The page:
Re: Ext2fs and hashed table.

Torbjorn Lindgren (
Sun, 15 Jun 1997 20:35:08 +0200 (MDT)

On 15 Jun 1997, H. Peter Anvin wrote:
> Followup to: <>
> By author: Peter Moulder <>
> > Harald Koenig <> writes:
> >
> > > I'd say "tries to handle"... gnu-tar can't distinguish between
> > > allocated blocks all zero and sparse holes. in case where it's
> > > important that some areas are really allocated, gnu-tar may break
> > > your files. might not be a common problem but tar just can't deal
> > > with sparse files perfectly; dump/restore can...
> >
> Why would that matter?


1. The files may well not *fit* on the disk if they aren't sparse! Take a
couple sparse 2GB cores, which really take less than 100KB each, handled

2. The file might *have* to be sparse, otherwise it won't work (rather
uncommon, but it do exist).

> I would argue that dump can't deal with *ANY* file perfectly, since it
> (in the typical configuration) is committing the utter no-no of
> reading a non-quiescent r/w mounted filesystem from the raw block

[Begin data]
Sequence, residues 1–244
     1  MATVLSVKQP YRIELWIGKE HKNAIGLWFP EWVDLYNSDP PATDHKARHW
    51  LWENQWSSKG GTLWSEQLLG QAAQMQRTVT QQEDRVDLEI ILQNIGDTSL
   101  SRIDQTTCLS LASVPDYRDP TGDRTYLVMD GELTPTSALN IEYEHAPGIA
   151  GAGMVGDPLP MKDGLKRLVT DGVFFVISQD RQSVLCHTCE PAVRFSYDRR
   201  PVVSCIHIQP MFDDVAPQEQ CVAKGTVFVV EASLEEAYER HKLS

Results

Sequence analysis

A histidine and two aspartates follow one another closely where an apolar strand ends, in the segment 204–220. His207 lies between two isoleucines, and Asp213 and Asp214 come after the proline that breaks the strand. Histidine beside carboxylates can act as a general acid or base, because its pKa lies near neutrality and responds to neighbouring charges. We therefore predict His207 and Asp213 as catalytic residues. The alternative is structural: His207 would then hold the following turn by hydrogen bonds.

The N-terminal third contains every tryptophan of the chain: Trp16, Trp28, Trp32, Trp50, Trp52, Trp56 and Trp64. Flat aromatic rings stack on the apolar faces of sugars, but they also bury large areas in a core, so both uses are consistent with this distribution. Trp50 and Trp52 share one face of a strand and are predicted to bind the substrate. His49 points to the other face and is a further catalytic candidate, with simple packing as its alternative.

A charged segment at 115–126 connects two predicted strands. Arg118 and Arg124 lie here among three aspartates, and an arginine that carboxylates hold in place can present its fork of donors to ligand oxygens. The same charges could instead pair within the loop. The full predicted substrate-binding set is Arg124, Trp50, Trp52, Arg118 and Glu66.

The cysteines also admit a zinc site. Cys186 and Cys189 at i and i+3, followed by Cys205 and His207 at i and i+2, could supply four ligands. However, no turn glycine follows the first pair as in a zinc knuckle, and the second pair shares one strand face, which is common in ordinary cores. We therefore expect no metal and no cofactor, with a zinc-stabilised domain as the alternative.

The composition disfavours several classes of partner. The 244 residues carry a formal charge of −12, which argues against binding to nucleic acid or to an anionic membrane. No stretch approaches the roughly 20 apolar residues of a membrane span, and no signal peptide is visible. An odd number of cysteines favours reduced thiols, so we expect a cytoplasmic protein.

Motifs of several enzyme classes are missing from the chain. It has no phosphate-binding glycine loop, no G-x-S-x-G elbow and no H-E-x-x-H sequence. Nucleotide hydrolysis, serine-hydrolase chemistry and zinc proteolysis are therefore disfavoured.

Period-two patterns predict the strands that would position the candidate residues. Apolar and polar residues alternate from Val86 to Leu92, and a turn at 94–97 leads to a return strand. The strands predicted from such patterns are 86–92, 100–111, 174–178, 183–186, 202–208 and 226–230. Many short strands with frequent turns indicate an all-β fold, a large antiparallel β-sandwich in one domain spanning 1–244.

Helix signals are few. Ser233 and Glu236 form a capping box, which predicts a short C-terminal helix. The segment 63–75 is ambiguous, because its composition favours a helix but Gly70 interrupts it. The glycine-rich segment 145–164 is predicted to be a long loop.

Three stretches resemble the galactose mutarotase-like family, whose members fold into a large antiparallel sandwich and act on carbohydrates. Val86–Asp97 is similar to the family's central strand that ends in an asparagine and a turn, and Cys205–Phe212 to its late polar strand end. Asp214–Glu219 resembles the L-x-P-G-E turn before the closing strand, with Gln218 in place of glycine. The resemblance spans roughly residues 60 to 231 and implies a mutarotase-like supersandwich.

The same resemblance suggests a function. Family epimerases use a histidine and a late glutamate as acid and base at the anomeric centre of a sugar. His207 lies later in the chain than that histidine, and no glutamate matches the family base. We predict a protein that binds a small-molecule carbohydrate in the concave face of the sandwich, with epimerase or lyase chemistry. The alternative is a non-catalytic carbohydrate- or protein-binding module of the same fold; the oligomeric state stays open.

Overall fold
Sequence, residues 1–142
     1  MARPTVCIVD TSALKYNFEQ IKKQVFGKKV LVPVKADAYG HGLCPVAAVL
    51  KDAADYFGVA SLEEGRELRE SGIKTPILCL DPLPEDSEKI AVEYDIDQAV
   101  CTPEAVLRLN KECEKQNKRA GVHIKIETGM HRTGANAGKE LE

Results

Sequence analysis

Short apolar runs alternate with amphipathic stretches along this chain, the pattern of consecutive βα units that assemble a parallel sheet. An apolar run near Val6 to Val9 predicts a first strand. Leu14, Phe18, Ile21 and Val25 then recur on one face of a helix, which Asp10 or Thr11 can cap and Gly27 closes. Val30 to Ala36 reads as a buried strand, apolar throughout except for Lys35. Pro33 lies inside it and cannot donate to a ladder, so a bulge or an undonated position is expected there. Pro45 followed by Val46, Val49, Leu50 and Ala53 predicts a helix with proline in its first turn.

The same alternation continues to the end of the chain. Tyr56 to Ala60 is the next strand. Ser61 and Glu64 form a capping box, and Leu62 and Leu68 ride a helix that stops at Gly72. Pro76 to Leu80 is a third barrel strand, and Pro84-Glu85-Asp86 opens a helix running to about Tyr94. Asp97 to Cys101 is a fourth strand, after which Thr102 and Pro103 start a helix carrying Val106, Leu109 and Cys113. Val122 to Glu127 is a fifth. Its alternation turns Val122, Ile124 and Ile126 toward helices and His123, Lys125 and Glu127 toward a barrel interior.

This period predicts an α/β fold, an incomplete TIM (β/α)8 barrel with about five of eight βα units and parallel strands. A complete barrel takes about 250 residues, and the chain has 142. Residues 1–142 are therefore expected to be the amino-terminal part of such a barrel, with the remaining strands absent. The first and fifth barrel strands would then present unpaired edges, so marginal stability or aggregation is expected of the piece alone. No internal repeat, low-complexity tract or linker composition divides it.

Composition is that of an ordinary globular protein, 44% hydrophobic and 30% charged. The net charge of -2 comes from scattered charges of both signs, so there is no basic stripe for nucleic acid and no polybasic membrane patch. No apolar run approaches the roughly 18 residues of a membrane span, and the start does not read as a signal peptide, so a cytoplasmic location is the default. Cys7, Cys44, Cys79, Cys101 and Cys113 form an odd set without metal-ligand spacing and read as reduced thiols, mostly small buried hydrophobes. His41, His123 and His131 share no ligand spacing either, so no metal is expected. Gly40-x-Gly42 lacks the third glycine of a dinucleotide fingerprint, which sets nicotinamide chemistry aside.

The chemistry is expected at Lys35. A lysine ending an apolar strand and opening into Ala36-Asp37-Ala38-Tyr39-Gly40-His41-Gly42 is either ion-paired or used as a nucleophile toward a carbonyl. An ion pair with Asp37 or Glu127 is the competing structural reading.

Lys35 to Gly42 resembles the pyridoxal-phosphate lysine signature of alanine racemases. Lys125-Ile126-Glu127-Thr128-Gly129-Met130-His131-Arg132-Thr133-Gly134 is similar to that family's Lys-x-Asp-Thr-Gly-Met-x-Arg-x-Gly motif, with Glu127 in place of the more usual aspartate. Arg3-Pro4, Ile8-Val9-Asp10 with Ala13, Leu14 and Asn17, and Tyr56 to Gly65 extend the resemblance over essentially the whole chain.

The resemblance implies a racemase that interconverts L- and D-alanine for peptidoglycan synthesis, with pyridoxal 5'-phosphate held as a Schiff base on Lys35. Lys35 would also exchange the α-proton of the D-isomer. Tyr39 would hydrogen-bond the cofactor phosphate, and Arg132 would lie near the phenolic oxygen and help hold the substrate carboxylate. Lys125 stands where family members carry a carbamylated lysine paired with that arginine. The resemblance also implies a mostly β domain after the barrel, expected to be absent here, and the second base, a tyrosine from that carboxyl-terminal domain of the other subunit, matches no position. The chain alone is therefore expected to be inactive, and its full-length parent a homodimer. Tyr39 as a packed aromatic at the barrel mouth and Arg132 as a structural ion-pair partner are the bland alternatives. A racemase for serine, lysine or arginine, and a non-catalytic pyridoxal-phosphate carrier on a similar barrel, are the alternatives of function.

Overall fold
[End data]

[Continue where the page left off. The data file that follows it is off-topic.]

> device.

At least it's *tries* to handle them, which is more than I would claim
tar/cpio et al tries to do :-) Yes, another approach would be better, but
there are lots of cases where tar/cpio isn't anywhere near enough.

There *are* reasons why commercial UNIX backup systems doesn't usually use
the 'read the raw-device' approach (one of them is the porting nightmare),
but on the other hand the one's I know of does handle sparse files, it's
really a necessity for serious backups.

Wonder what it would take to make Legato (Networker) or Spectra Logic
(Alexandria) to create a backup client for Linux. Both support SCO after
all. The best would be to get them to port the Server too, but that might
be considerably harder :-)

Torbjörn Lindgren
If Santa ever DID deliver presents on Christmas Eve, he's dead now.